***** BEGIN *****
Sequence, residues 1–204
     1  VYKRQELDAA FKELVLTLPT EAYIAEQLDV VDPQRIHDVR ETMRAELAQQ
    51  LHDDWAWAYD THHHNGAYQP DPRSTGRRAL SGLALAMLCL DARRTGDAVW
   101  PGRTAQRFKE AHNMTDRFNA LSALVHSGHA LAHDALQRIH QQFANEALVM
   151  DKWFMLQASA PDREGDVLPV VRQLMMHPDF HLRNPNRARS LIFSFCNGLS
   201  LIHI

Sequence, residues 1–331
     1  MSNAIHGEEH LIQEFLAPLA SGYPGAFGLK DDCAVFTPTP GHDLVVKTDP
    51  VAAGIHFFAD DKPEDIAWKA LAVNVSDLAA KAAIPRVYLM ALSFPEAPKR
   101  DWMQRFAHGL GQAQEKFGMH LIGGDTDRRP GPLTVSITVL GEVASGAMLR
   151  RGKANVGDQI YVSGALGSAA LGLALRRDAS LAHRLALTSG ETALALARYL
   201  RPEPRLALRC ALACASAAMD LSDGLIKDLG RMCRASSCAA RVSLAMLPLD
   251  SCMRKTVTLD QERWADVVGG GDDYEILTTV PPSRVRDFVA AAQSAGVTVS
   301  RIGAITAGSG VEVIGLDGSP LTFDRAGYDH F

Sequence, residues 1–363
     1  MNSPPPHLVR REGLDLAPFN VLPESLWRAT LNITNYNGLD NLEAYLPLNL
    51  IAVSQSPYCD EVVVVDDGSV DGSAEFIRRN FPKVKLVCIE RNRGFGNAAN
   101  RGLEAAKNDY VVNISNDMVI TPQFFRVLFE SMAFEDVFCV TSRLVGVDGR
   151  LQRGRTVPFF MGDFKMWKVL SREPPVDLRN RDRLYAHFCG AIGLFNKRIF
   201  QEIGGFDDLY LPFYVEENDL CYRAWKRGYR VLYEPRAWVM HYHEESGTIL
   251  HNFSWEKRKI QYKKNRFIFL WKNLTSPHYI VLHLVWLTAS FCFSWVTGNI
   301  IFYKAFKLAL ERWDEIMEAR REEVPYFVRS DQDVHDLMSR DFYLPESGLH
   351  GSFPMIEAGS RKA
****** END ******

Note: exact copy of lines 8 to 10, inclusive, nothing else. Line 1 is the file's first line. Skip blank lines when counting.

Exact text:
     1  MSNAIHGEEH LIQEFLAPLA SGYPGAFGLK DDCAVFTPTP GHDLVVKTDP
    51  VAAGIHFFAD DKPEDIAWKA LAVNVSDLAA KAAIPRVYLM ALSFPEAPKR
   101  DWMQRFAHGL GQAQEKFGMH LIGGDTDRRP GPLTVSITVL GEVASGAMLR